2. Man’s Fruit And Vegetable Culture
Like the apes, humans have always been gatherers of fruits. The tropical fruits we know today are the result of cultivation. Similarly, the fruits of the temperate zone—the apple, lemon, orange, pear, fig, apricot, plum, filbert, walnut, etc.—could only have reached their present position through their improvement by man over many millennia. Most of these food plants are of Asiatic origin: they are the products of an age-old fruit culture.
The more important annuals appeared first in association with man and the simultaneous appearance on the historical record indicates a greater age of agriculture than the archaeologists and anthropologists have allowed. This is a logical conclusion because, as cultivated species, fruits and nuts could only have been developed from time to time under the artificial conditions imposed by humankind. If they should be abandoned to nature, they would disappear. The wild fruits eaten by anthropoid creatures were the prime factor in human development and not a product of that development.
According to Henry Bailey Stevens (The Recovery of Culture, New York: Harper & Brothers Publishers, 1953), it was after the second glaciation that human tools made their appearance. It appears that there are two main types of tools which were used during that early period. They are the hand axes that originated in the South and the flakes that were used as spears and harpoons in the North.
The hand ax is particularly well fitted for dealing with trees and wood, digging up roots, and cultivating the ground. Also, from this point of view, it seems rather obvious that the hand ax must have originated in a southern, tropical, or subtropical country, where forest and tuberous plants abound. The presence of stone tools at this time suggests that man was actually planting seeds.-The great body of mankind living in the warmer portions of the earth need have been no more concerned with hunting and fishing than were the apes. Their main interest lay in obtaining food from plants, and they became horticulturists.
When the ice age came and most men went south, scattering tribes were caught in the peninsulas or between mountain ranges and the ocean. These tribes had to face living in a world where green life either vanished or became very meager. If they were to survive, they had to readjust themselves drastically. They came to eat great quantities of shellfish. They learned the use of fire and they became beasts of prey. It was they who developed the spear and the harpoon and became accustomed to eating meat.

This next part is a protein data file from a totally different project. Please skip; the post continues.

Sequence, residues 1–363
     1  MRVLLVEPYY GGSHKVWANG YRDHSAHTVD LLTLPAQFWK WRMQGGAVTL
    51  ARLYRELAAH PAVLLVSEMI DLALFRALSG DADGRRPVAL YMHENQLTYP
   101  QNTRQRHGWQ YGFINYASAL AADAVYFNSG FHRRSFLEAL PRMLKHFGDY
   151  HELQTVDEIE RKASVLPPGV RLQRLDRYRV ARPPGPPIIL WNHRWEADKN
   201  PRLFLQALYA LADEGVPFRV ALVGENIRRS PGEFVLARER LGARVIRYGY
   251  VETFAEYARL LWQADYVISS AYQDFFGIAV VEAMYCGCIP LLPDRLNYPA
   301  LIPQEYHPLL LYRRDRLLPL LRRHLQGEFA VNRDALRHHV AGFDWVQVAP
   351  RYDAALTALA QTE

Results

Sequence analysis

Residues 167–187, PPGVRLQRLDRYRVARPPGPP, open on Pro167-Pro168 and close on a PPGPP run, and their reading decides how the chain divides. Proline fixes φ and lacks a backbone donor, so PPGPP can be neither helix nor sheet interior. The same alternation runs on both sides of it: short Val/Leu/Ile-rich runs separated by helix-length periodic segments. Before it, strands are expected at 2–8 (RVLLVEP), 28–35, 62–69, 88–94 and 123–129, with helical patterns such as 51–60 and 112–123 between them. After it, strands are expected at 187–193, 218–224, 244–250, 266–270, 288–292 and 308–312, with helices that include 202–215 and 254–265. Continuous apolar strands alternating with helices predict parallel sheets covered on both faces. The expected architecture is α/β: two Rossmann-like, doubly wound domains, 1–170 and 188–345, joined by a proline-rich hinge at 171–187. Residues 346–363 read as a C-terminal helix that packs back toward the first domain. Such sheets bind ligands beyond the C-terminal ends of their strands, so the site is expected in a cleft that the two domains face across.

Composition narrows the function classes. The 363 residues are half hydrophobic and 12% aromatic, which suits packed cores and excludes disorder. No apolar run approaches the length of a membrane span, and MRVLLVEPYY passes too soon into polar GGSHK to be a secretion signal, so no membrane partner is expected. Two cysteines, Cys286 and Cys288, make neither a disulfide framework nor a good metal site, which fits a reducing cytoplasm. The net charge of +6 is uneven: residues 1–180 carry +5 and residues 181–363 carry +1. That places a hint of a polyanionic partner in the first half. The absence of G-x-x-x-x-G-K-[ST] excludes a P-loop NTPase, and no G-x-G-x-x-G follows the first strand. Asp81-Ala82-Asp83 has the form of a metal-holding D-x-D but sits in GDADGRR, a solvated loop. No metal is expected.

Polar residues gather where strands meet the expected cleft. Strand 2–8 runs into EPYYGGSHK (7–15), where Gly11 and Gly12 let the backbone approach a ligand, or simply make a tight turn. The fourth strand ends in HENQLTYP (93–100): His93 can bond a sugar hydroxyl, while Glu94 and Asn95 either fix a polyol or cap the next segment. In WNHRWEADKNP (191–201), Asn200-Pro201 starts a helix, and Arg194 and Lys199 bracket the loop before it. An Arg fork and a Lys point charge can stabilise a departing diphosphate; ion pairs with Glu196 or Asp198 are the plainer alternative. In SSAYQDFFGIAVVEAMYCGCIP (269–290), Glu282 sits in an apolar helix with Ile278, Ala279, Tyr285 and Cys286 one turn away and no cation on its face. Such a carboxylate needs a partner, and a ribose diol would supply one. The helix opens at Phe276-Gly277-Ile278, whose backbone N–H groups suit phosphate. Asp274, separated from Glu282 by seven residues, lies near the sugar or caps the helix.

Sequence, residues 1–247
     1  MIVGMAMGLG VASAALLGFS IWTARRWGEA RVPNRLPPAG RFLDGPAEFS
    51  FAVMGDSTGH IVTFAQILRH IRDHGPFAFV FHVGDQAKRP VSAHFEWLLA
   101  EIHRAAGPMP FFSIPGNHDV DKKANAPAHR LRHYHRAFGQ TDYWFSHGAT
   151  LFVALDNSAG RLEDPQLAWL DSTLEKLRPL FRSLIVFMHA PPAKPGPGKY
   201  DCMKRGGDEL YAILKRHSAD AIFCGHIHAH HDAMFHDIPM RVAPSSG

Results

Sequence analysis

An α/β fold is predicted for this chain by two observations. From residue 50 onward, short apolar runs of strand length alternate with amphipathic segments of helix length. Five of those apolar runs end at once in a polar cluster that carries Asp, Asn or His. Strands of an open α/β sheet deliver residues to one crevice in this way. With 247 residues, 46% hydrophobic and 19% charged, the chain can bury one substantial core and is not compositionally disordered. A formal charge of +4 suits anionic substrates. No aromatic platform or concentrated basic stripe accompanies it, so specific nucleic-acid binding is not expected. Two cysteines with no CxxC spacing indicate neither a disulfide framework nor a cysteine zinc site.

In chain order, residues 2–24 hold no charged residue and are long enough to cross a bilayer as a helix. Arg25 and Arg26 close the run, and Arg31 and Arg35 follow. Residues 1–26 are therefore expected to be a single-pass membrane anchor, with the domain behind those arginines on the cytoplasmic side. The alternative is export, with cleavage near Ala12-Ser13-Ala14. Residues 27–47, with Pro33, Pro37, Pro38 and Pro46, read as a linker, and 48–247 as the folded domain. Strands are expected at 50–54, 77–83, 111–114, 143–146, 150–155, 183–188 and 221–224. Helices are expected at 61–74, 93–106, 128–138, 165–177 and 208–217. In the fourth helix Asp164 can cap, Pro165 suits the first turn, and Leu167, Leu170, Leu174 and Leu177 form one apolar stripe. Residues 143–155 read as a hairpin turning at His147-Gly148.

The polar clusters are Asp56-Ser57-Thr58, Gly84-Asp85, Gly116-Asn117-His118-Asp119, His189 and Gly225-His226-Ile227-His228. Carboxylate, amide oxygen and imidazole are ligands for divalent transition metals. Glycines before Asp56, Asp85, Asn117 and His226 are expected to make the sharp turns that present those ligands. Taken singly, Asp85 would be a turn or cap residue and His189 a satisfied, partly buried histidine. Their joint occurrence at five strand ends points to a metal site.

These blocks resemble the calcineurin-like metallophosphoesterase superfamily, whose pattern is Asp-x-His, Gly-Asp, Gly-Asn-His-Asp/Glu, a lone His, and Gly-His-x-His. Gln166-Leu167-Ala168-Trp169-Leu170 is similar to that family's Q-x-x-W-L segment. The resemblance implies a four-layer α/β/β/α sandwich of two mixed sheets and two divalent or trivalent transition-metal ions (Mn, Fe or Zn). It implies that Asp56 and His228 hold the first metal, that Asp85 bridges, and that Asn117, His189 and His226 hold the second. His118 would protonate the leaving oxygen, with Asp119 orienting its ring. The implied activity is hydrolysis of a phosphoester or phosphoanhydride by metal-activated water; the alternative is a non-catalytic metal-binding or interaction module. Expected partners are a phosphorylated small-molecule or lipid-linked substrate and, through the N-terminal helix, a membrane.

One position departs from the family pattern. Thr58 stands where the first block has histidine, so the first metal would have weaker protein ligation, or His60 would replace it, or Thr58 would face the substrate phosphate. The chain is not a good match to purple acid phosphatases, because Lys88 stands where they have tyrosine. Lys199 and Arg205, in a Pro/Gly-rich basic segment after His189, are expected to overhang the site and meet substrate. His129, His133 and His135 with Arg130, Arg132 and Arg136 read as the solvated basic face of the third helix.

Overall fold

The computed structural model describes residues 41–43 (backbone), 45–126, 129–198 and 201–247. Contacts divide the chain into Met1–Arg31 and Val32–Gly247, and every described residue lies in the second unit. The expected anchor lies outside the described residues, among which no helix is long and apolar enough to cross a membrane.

As the ice receded and plant food became again abundant, the capacity of the middle lands increased and the growers of crops moved into a region accustomed to the hunting economy. Thus the ultimate population of these lands was exposed in the Stone age to two distinct types of culture—one of the handax culture of the South, the other, the spear culture of the North.
The evidence appears overwhelming that the intimate relationship between anthropoids and fruit trees did not end a million years ago when man descended to a terrestrial existence. Rather, the association continued in the southern lands and was the actual impetus in our whole cultural development. It was when man found that he could affect his food supply through the selection and planting of seeds and cuttings and the improvement of soil conditions, that he started the great upward spiral that set him above the apes. Culture developed when we evolved from the simpler primate into the complex human.
- 1. Similarities Among The Primates
- 2. Man’s Fruit And Vegetable Culture
- 3. Food Self-Sufficiency
- 4. Fruit
- 5. Nuts And Seeds
- 6. Food Preparation
- 7. Sunshine, Fresh Air, Exercise
- 8. Rest, Relaxation And Emotional Well-Being
- 9. Our Body Is Self-Sufficient
- 11. Freedom From Reliance Upon The Medical Community
- 12. Questions & Answers
- Article #1: The Natural Food of Man By Emmett Densmore, M.D.